Somebody told you all of these things and more. Don't even get me started on what you have already been told about newborns and their sleep habits, and temperaments, and crying. They make you watch a video in the hospital about babies crying and how to deal with it (not by shaking them). It's what they do. Maybe what nobody told you is, that it doesn't matter what ANYONE tells you. Motherhood is an experience. A unique to each and every individual experience. Motherhood is the same for no one. Your combination of physical and emotional symptoms are 100% your own. If anyone thinks they can tell you what to expect, they have never been a mother them self. I don't think I have EVER spoken to a first time mother who said, "That was amazing and everything went just as planned!" But I have spoken to all sorts of mothers who say, "Whoa. That was amazing." No matter how things go, there is a moment, where you are nothing but proud at what you created. Where you feel on top of the world. Like superwoman. And that is what it's all about.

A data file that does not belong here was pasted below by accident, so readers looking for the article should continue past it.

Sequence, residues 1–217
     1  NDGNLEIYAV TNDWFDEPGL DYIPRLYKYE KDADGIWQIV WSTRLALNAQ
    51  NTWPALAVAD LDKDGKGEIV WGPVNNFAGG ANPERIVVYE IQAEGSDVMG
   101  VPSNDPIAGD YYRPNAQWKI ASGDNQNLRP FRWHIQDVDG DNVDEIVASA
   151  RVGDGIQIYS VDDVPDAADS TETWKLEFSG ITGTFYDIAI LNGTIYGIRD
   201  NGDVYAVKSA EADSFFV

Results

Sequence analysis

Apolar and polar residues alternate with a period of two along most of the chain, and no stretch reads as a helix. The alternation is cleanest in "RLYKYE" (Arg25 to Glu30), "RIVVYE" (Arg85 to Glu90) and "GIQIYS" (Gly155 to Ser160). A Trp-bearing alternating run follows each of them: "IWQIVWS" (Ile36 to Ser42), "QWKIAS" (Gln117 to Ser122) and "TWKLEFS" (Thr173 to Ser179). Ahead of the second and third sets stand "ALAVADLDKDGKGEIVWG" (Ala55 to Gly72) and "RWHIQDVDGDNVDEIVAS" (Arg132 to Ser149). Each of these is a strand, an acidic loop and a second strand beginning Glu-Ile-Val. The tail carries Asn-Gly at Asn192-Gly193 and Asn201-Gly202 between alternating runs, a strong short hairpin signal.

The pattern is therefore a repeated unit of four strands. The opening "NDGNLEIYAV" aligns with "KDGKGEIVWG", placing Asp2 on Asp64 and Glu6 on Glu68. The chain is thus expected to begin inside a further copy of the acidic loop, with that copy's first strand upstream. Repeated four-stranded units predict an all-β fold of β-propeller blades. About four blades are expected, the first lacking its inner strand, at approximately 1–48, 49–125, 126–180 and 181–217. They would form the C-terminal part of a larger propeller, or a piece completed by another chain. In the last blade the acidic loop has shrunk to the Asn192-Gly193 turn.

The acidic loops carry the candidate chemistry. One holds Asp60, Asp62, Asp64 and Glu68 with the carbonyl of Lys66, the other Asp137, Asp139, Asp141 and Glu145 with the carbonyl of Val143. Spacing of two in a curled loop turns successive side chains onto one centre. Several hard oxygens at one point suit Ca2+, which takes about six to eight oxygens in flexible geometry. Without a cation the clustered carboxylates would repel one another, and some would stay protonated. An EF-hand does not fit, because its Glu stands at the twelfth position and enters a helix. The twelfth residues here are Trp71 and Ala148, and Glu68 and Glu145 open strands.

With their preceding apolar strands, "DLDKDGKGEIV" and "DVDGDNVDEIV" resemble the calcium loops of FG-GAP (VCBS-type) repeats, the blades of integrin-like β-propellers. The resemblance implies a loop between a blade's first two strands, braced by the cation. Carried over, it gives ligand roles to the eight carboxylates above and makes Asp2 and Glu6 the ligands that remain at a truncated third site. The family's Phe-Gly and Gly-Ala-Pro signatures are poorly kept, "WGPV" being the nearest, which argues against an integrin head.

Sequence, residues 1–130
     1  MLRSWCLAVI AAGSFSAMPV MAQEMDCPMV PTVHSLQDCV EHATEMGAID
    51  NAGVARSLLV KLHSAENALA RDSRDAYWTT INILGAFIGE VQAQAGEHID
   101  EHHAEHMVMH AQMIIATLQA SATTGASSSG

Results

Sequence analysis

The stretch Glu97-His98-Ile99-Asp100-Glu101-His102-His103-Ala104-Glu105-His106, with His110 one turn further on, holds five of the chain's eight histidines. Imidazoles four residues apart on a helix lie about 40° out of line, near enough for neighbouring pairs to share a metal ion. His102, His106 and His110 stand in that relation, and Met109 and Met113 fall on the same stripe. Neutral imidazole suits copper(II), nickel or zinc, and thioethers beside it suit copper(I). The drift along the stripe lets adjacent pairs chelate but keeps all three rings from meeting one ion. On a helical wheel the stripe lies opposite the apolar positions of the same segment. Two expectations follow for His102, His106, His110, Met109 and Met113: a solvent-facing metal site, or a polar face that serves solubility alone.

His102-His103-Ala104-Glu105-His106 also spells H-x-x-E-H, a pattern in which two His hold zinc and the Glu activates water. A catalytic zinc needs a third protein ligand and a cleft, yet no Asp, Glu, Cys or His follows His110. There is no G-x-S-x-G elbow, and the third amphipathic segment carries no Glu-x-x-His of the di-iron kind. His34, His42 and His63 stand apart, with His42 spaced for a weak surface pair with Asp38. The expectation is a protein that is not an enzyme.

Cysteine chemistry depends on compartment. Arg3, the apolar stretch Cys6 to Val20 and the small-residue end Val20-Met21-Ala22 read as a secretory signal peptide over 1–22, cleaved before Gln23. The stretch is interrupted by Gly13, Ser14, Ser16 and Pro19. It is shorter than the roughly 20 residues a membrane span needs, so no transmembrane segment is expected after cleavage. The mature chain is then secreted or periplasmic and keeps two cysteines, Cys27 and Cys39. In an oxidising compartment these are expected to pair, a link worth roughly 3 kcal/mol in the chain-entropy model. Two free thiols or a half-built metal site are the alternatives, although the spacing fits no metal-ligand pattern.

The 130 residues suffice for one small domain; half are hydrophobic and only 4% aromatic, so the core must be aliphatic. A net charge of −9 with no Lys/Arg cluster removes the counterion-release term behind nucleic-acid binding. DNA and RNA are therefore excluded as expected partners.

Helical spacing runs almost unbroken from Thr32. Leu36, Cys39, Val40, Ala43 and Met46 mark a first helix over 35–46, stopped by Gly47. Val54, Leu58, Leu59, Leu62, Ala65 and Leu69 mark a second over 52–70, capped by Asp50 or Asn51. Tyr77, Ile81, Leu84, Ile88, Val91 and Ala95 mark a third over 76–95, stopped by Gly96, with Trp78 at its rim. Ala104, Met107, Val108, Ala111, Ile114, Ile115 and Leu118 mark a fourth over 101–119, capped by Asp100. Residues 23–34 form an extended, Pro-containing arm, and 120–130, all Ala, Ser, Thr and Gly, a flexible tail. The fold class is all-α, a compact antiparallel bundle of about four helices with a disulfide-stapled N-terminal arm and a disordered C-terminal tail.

So quit whining that no one told you about it. Embrace the experience, move on, grow and love that baby with all your heart. Because, there simply is, nothing else like it.

Johnson County

*Pre-edited***** Final post to come.

Johnson county is the __ richest county in the US. Matt has lived there all his life, besides college, and just recently when we crossed the border to the Missouri side. I have only lived there for the past 8 years, but I married a Johnson county man, and have befriended many in the area...therefore, I have guilt by association. There is a stereotype in this region. Basically, that Johnson County people are snob-ish. Prefer name brands, specifically luxury items. I think we all know the type, and I believe as very much qualify as one, in many ways, but I am a Jackson County girl at heart. My family owns a farm. Like a dingy, 100+ year old farm that has never been renovated, and has a well with snakes in it...not like, a brand new, functioning horse farm, or anything of that sort. I am snob-ish for myself, but feel people can do as they please, and I won't judge them for it (most of the time). I preface with this, because what I am about to describe is probably the most Johnson County-type post I have ever made, and I know it. But it has to be said.